A recent Australian study published in July, 2018, has shown that eating vegetable dietary nitrates that are found in leafy greens and beetroot can help prevent age related macular degeneration (AMD) of the eye. Dietary nitrate forms into nitric oxide, which is involved in the causes of several diseases of the eye, either from too much or too little nitric oxide. Researchers from the Westmead Institute for Medical Research followed 2037 Australian seniors age 49 and older for 15 years. They discovered that people who ate 100-142 mgs of vegetable nitrates daily had a 35% lower risk for developing early AMD than people who ate less than 69 mgs a day.
The Blue Mountains Eye Study
The Blue Mountains Eye Study was a population-based study of 2856 seniors age 49 and older from an area west of Sidney, Australia. The participants were examined at the beginning of the study and 25 years later 2037 participants were re-examined. Retinal photographs were examined for signs of age related macular degeneration. A food-frequency questionnaire was used to determine dietary intake and the calculation of the amount of nitrates consumed from vegetables and non-vegetable sources.
This study is the first study to target the association of vegetable nitrates with macular degeneration.
Results of the research showed a positive association between the consumption of leafy greens and beetroot with helping to prevent the onset of AMD.
Another study showed that the Oriental or Mediterranean dietary patterns that include a lot of fresh vegetables could also lower the risk for contracting AMD. For more about this see our blog from October 5, 2018.
Age Related Macular Degeneration of the Eye (AMD)
AMD is an age related retinal eye disease that destroys sharp, central vision in the macula of the eyes and this usually affects people after the age of 50. Diseases of the retina are a major cause of blindness in the United States.
Tips to Help Protect the Eyes
- Wear good sun glasses that have ultraviolet protection against the rays of the sun.
- If you sit at a computer, be certain to remember to blink often and to turn your eyes far away from the screen every 20 minutes for at least 20 seconds or more.
- Quit smoking, as it dries up the eyes.
- If you suffer from dry burning eyes, see your eye doctor about getting special drops or artificial tears.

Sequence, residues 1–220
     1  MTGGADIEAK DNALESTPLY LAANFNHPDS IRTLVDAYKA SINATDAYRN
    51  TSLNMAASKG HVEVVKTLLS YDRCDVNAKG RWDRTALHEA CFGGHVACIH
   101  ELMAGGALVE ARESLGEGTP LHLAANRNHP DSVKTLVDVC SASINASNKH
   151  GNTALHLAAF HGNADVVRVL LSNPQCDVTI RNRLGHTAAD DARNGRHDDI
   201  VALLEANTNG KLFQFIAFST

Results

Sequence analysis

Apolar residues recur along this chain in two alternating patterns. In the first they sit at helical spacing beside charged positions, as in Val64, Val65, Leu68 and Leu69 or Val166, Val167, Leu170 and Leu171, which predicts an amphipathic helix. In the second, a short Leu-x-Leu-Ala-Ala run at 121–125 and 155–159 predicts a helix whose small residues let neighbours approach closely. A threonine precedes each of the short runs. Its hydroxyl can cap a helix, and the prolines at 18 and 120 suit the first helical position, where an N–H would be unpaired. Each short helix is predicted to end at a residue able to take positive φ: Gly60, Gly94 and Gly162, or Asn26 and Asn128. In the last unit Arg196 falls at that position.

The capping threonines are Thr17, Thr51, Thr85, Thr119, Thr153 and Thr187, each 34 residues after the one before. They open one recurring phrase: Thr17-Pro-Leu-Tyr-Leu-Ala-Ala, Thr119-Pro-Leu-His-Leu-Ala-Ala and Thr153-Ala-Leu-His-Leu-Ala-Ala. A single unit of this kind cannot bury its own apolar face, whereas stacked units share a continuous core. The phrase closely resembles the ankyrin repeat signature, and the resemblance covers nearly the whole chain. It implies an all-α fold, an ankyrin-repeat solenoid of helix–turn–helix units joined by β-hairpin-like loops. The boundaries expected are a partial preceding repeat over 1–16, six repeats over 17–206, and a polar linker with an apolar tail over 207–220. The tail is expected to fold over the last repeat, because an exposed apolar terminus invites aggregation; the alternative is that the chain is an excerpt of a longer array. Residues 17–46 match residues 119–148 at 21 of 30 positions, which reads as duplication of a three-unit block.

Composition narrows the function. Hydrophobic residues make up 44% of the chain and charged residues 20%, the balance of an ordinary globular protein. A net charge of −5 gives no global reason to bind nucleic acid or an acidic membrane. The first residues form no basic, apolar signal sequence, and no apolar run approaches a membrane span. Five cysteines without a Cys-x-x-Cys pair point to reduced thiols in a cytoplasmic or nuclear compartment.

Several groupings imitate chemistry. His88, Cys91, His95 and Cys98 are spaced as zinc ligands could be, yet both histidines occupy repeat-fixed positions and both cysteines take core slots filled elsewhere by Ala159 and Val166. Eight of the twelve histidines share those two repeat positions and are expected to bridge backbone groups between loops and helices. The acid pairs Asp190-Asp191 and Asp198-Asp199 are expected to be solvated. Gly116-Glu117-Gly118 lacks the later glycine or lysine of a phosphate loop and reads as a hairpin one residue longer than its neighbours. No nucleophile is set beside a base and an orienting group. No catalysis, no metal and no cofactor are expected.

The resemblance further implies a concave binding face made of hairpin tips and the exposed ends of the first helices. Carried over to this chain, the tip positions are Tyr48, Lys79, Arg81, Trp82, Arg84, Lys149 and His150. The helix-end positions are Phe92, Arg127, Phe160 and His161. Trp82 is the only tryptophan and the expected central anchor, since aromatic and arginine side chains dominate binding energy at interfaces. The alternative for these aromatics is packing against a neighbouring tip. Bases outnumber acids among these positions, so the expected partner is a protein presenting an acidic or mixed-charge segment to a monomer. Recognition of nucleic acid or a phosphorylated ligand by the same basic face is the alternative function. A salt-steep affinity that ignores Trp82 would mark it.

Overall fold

- Eat eye healthy foods like leafy greens, beets and carrots.
- Your doctor may also recommend special supplements to take to keep the eyes healthy.
- Make sure your blood pressure is under control. High blood pressure can sometimes lead to bleeding in one or both eyes and other problems.
- If you suffer from diabetes you must also be under the care of an eye doctor, as diabetics suffer from eye problems like diabetic retinopathy, which can lead to blindness. Make sure your glucose is under control.
- If you wear eye glasses, make sure you do not forget your annual visit to your eye doctor.
Glaucoma is an eye disease where fluid causes pressure to build up in the eyes. There may be no symptoms or pain, but an eye doctor can test your eyes to see if pressure has built up in your eyes and then prescribe special eye drops to control the pressure. In some cases when people have narrow angles in their eyes, laser treatment might be recommended, so that there will not be a sudden attack of closed angle glaucoma that can lead to blindness.
Short or Long-term Rehabilitation and Skilled Nursing Care
If your loved one needs to be in short or long-term rehabilitation and skilled nursing care, choose a facility that offers nutritious, healthy food with lots of vegetables and salads.
The Royal Suites Healthcare and Rehabilitation in scenic Galloway Township, New Jersey has a restaurant on every floor and offers very healthy and nutritious food.
It pays to eat lots of leafy greens and beets not only to protect your eyes, but leafy greens have also been linked to all kinds of health benefits.
SENIORS OVER THE AGE OF 50 MUST HAVE AN ANNUAL DILATED EYE EXAM, AS SOME PROBLEMS LIKE EARLY AMD AND GLAUCOMA CAN BE SEEN AND TREATED BEFORE PERMANENT EYE DAMAGE SETS IN.